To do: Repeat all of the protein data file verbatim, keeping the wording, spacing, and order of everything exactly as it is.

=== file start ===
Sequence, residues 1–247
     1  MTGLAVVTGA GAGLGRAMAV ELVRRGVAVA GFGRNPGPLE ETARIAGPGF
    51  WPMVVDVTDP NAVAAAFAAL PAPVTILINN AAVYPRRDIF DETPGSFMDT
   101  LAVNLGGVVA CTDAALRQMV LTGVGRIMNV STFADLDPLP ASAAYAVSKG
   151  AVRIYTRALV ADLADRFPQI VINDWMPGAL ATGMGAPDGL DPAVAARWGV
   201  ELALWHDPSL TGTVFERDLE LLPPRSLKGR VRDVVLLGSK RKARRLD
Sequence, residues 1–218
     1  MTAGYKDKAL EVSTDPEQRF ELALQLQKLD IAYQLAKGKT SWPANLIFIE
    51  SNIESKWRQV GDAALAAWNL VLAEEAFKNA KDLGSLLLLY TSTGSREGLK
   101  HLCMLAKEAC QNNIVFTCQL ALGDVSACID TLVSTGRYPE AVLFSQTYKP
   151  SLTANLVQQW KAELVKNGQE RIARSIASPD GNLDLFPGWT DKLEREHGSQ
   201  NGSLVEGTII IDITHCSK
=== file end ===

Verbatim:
Sequence, residues 1–247
     1  MTGLAVVTGA GAGLGRAMAV ELVRRGVAVA GFGRNPGPLE ETARIAGPGF
    51  WPMVVDVTDP NAVAAAFAAL PAPVTILINN AAVYPRRDIF DETPGSFMDT
   101  LAVNLGGVVA CTDAALRQMV LTGVGRIMNV STFADLDPLP ASAAYAVSKG
   151  AVRIYTRALV ADLADRFPQI VINDWMPGAL ATGMGAPDGL DPAVAARWGV
   201  ELALWHDPSL TGTVFERDLE LLPPRSLKGR VRDVVLLGSK RKARRLD
Sequence, residues 1–218
     1  MTAGYKDKAL EVSTDPEQRF ELALQLQKLD IAYQLAKGKT SWPANLIFIE
    51  SNIESKWRQV GDAALAAWNL VLAEEAFKNA KDLGSLLLLY TSTGSREGLK
   101  HLCMLAKEAC QNNIVFTCQL ALGDVSACID TLVSTGRYPE AVLFSQTYKP
   151  SLTANLVQQW KAELVKNGQE RIARSIASPD GNLDLFPGWT DKLEREHGSQ
   201  NGSLVEGTII IDITHCSK